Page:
Hoping to answer the call made by General Motors Corp. Chief Executive Officer Rick Wagoner earlier in the day, the American Iron and Steel Institute last Monday (May 14) announced two more initiatives aimed at developing lighter weight steel applications.

The projects will concentrate on front-end structures and closure panels. Steel manufacturers hope the projects — building on others that have been released since 1998 — will help steel regain applications that have been converted by automakers to more traditionally light materials such as aluminum and plastic. The auto industry has been highly focused on vehicle weight for the past decade, and GM's Mr. Wagoner says that trend isn't about to stop. “Bottom line — we have a need for lighter, more fuel-efficient vehicles. We have many choices, as you know, from plastics and magnesium, to carbon fiber and aluminum, to steel. But the fact is, we like steel. We're tooled and processed for steel.”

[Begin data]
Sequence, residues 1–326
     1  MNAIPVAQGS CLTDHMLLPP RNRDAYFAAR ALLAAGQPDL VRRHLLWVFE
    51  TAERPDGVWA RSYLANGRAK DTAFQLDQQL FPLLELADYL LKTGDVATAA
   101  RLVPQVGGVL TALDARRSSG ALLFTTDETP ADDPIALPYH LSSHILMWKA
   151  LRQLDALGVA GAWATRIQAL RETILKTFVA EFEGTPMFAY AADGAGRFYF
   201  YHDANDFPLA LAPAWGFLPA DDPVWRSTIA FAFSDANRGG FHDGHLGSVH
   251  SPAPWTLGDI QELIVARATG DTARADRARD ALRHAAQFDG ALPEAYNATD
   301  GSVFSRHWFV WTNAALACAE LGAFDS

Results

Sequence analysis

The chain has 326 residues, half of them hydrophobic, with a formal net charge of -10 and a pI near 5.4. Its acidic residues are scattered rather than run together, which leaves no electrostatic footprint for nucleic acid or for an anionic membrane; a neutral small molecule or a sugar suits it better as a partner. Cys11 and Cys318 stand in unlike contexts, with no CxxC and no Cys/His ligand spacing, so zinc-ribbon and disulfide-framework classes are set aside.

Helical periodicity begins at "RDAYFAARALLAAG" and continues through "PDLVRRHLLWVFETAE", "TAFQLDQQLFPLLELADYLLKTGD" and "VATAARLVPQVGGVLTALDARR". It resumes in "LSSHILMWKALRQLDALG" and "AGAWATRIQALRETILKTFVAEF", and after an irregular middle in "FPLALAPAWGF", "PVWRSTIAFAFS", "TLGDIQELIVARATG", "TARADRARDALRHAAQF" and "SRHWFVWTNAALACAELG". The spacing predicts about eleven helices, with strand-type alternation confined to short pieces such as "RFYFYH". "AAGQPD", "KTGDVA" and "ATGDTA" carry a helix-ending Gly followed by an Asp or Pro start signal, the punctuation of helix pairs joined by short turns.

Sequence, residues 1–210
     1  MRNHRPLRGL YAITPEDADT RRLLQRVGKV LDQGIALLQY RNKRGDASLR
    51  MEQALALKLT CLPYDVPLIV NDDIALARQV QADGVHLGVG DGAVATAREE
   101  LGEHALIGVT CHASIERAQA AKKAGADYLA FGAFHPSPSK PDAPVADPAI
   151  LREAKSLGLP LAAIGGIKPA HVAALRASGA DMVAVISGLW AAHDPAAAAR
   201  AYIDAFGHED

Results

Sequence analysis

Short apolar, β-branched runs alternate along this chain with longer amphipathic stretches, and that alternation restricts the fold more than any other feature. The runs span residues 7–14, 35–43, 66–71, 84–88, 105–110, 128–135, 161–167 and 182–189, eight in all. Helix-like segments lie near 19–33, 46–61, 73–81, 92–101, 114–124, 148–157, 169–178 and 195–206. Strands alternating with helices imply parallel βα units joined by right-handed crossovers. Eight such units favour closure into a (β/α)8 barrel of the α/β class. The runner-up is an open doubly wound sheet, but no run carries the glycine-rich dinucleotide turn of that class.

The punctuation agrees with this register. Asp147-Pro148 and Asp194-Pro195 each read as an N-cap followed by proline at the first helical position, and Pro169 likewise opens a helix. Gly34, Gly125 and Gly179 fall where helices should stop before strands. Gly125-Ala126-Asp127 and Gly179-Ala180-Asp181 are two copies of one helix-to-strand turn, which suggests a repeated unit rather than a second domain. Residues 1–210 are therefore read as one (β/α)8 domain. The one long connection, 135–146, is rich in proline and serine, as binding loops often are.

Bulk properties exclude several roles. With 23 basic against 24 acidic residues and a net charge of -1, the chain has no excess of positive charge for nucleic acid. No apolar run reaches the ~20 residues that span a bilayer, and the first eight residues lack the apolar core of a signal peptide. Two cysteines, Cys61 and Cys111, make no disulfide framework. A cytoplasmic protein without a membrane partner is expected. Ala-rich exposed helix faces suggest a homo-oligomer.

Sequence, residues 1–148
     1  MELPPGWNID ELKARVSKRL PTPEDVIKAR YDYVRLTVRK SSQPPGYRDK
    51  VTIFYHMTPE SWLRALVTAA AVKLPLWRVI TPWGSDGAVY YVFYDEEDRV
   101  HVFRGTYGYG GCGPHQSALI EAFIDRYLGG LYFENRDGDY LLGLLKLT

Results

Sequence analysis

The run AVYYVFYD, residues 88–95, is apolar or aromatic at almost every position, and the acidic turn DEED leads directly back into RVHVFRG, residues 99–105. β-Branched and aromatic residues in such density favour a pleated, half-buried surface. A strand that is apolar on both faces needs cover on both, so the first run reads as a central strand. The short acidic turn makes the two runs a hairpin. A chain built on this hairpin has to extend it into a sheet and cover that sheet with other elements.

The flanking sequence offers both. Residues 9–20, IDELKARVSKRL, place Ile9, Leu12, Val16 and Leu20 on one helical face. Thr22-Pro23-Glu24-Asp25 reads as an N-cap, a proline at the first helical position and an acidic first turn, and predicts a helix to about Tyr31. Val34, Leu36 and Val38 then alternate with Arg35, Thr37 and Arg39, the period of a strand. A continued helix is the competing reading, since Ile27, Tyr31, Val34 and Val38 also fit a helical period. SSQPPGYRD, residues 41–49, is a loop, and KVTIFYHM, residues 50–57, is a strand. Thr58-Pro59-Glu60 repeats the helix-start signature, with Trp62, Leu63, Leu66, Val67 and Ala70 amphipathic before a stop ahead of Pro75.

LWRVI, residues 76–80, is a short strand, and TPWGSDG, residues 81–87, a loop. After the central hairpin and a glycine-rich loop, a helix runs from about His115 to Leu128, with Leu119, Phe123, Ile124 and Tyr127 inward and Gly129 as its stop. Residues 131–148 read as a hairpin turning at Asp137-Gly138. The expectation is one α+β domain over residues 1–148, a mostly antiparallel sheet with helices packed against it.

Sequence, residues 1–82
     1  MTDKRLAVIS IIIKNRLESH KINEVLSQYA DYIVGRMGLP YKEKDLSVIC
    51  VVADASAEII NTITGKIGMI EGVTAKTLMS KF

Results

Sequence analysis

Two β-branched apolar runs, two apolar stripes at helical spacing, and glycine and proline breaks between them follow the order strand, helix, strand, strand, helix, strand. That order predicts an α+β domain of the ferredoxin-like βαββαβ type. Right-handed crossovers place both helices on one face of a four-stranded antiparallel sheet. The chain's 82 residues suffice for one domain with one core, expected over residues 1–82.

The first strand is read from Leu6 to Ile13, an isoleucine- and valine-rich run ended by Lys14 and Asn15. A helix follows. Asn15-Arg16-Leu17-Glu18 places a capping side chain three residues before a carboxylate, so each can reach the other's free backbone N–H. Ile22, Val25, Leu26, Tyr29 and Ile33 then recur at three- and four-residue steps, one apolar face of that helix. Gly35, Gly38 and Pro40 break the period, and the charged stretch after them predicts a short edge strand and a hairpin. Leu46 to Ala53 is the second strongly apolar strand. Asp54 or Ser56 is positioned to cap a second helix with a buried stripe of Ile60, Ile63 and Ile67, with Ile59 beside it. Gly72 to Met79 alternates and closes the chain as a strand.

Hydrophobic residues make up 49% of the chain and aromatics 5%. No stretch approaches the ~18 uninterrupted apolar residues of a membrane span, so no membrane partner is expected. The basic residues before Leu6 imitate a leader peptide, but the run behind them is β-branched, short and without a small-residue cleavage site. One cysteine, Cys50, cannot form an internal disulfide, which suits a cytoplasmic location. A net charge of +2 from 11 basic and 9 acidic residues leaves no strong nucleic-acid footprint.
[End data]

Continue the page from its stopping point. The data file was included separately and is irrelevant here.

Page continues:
The front-end structure project will use as its baseline the UltraLight Steel Auto Body program, which was well received when it was unveiled three years ago but has not been used by automakers in a production vehicle. Work will target achieving a double 5-star rating in U.S. government crash tests and overall Good rating in the Insurance Institute for Highway Safety's 40 mph/40% offset deformable barrier crash test. A second project will expand upon 2000's UltraLight Steel Auto Closures study by developing — into addition to a door — hoods, trunks and hatchbacks that offer a 25% weight reduction. “These advances include new joining methods, new manufacturing processes, improved materials and more precise modeling and simulation,” says an AISI spokesman.

While the steel industry studies have been well received, none are known to have found their way into a product program. That's got to change. “We're not just asking you to design to our functional requirements — we're asking your best technical people to put their heads together with our best technical people to turn dreams into reality,” Mr. Wagoner says. “You know the benefits of your technological benefits better than we do at GM — we look to you to help us get them into our products, and to our customers, fast.”

There's no timeline for results to be released.